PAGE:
Today in History: May 4
On May 4, 1894, Bird Day was first observed at the initiative of Charles Almanzo Babcock, superintendent of schools in Oil City, Pennsylvania. By 1910, Bird Day was widely celebrated, often in conjunction with Arbor Day. Statewide observances of the two holidays inculcated conservation training and awareness in a broad spectrum of the public, especially school children.
In 1901, Babcock published Bird Day: How To Prepare for It. The book included a history of Bird Day, suggestions for its observance based on contemporary school practices, and informative material stressing the importance of bird protection. It also offered guidance on how to integrate bird conservation education into the school curriculum.
Babcock suggested that as part of school programs for Bird Day, children should recite “bird facts and proverbs” such as the following:
Birds flock together in hard times.
A bird in the bush is worth two in the hand.
The American robin is not the same bird as the English.
The bluebird and robin may be harbingers of spring, but the swallow is the harbinger of summer.
The dandelion tells me to look for the swallow; the dog-toothed violet when to expect the wood thrush. . . .
A loon was caught, by a set line for fishing, sixty-five feet below the surface of a lake in New York, having dived to that depth for a fish.
The wood pewee, like its relative, the phoebe, feeds largely on the family of flies to which the house fly belongs. . . .
Seventy-five per cent of the food of the downy woodpecker is insects.
The cow blackbird lays its eggs in other birds' nests, one in a nest. What happens afterwards?
Charles Almanzo Babcock, Bird Day: How To Prepare for It, pages 50-51.
The Evolution of the Conservation Movement, 1850-1920
Bird Day reflected the early American conservation movement's particular concern with birds, both as vivid examples of the natural world requiring protection and as objects of economic, aesthetic, moral, and sentimental interest to people, including children. The era's extensive literature on birds is suggested by the lengthy list of titles on popular ornithology in the Library of Congress.
For example, in 1897, pioneering ornithologists Mabel Osgood Wright and Elliott Coues and artist Louis Agassiz Fuertes collaborated on Citizen Bird. Written in an entertaining and fanciful style and dedicated to "All Boys and Girls Who Love Birds and Wish to Protect Them," the popular classic encourages the love of birds and respect for their place in the natural cycle:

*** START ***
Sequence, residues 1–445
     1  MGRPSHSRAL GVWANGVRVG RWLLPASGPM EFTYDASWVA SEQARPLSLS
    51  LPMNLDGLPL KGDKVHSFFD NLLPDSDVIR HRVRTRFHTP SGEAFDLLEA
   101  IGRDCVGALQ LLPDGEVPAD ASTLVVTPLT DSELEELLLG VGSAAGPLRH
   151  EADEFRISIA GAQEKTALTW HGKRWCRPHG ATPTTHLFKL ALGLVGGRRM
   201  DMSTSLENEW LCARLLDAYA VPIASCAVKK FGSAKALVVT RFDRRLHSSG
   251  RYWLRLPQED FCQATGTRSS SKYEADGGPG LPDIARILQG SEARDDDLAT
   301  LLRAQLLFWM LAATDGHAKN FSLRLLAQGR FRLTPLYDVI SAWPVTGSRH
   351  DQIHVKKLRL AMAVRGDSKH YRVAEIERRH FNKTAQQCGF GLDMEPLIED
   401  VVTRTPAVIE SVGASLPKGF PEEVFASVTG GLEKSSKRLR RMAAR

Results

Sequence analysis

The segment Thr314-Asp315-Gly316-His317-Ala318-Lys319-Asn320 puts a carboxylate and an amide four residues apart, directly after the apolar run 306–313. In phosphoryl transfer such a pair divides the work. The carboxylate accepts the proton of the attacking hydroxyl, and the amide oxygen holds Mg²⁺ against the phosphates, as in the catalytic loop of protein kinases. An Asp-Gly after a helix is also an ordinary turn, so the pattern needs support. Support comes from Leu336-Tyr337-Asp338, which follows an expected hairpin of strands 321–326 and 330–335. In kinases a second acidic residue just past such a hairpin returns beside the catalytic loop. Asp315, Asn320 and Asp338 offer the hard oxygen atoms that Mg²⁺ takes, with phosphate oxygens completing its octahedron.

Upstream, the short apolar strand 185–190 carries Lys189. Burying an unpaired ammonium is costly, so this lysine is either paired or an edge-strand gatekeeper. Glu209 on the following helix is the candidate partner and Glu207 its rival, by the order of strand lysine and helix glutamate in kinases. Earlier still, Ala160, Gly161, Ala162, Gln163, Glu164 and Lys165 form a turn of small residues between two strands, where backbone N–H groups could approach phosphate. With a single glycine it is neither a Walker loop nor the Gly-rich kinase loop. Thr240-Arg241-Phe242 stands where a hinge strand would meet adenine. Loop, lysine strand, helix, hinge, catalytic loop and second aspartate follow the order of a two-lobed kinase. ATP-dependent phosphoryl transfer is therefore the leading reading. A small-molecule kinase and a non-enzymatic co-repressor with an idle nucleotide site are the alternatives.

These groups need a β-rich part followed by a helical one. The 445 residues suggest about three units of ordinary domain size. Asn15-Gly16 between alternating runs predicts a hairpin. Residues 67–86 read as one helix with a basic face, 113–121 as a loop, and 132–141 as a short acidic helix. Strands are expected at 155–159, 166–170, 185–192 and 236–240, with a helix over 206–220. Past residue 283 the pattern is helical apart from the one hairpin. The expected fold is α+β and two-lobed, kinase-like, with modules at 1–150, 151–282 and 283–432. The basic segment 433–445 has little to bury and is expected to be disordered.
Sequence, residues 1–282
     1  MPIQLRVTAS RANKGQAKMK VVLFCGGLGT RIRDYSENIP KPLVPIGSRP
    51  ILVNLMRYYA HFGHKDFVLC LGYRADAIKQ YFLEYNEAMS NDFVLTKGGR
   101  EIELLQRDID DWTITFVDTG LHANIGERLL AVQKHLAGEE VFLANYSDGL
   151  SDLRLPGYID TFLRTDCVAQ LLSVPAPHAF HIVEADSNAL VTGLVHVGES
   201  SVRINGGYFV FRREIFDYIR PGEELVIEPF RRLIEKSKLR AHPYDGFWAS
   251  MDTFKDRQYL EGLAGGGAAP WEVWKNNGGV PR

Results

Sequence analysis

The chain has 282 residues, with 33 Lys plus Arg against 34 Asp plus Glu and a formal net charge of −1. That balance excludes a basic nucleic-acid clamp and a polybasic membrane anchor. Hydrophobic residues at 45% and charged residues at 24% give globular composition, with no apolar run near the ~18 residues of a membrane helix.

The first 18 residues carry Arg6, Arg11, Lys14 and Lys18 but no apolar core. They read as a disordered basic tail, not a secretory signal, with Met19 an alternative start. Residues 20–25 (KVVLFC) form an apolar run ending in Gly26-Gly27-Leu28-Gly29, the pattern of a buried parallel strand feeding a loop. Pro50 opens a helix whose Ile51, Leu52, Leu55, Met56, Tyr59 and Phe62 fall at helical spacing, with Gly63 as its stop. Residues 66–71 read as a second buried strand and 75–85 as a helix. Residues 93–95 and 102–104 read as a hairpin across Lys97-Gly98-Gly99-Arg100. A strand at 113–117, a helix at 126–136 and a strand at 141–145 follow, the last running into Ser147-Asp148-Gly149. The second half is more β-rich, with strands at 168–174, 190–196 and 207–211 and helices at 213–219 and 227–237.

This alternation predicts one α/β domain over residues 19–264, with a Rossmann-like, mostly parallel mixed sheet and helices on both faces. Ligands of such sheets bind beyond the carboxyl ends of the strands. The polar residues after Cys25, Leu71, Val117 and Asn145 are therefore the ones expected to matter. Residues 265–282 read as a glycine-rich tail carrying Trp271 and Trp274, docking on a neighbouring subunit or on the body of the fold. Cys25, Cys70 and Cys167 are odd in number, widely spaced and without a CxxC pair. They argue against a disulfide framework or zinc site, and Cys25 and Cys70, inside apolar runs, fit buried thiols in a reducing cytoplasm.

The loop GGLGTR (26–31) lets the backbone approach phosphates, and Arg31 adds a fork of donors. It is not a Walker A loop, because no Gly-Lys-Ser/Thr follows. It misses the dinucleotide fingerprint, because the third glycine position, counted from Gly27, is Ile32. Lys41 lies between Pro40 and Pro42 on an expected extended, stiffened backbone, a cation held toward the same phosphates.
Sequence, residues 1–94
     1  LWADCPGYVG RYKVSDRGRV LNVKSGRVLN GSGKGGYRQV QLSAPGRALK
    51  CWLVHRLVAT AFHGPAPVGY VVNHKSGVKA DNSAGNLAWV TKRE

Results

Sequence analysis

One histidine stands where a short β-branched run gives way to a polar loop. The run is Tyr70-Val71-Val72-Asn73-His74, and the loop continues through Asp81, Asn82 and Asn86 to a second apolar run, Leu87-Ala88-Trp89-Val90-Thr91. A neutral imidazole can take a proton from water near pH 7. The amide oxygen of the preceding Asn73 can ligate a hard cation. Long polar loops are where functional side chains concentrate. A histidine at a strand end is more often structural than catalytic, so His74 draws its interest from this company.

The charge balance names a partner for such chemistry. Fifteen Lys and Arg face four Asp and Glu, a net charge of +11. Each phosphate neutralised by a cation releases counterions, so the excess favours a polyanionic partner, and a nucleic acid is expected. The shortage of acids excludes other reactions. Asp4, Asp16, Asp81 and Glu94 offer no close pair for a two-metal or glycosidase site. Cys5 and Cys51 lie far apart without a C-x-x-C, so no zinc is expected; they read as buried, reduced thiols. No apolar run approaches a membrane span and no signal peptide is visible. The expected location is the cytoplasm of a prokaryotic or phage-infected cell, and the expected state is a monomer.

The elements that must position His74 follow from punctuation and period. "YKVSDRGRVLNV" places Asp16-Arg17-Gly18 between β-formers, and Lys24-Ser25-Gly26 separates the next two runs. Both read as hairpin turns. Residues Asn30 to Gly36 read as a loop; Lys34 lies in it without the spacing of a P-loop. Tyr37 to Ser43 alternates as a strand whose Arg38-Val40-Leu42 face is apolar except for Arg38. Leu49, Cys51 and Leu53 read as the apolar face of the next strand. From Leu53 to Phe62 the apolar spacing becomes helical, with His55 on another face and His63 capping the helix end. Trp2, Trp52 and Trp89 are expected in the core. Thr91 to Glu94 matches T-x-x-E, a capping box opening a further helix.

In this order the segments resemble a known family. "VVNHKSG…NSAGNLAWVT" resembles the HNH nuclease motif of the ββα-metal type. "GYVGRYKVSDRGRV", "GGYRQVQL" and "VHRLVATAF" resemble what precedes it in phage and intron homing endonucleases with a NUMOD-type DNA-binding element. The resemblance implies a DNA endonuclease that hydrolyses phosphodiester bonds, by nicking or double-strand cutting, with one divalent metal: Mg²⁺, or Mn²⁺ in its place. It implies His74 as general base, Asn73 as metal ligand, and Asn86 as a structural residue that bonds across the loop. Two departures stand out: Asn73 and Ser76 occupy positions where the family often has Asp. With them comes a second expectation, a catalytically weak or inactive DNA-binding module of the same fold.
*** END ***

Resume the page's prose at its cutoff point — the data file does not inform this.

Bluebirds have a call-note and a sweet warbling song. . . . He is true blue, which is as rare a color among birds as it is among flowers. He is the banner-bearer of Birdland also, and loyally floats the tricolor from our trees and telegraph wires; for, besides being blue, is he not also red and white?
As a Citizen the Bluebird is in every way a model. He works with the Ground Gleaners in searching the grass and low bushes for grasshoppers and crickets; he searches the trees for caterpillars in company with the Tree Trappers; and in eating blueberries, cranberries, wild grapes, and other fruits he works with the Seed Sowers also. So who would not welcome this bird, who pays his rent and taxes in so cheerful a manner, and thanks you with a song into the bargain?
Mabel Osgood Wright and Elliott Coues, Citizen Bird, page 90.
The Evolution of the Conservation Movement, 1850-1920
When the Mocking Birds Are Singing in the Wildwood,
H. B. Blanke, music, Arthur J. Lamb, words, 1906.
Historic American Sheet Music, 1850-1920
- To learn more about the history of Bird Day and Arbor Day and their roles in the The Evolution of the Conservation Movement, 1850-1920, see Arbor and Bird Day Observance, c.1872-1920: Additional Resources in the Library of Congress.
- See more beautiful bird illustrations by the great bird painter Louis Agassiz Fuertes in The Harriman Alaska Expedition: Chronicles and Souvenirs (1899), in The Evolution of the Conservation Movement, 1850-1920. Be sure to click on the links for “Higher Quality Image JPEG” to get the best views of Fuertes’s art.
- Discover other important dates in the history of conservation. View the special presentation Documentary Chronology of Selected Events in the Development of the American Conservation Movement, 1847-1920.
- Read observations about bird life by naturalists and find Acts of Congress related to the protection of birds. Search on bird in The Evolution of the Conservation Movement, 1850-1920.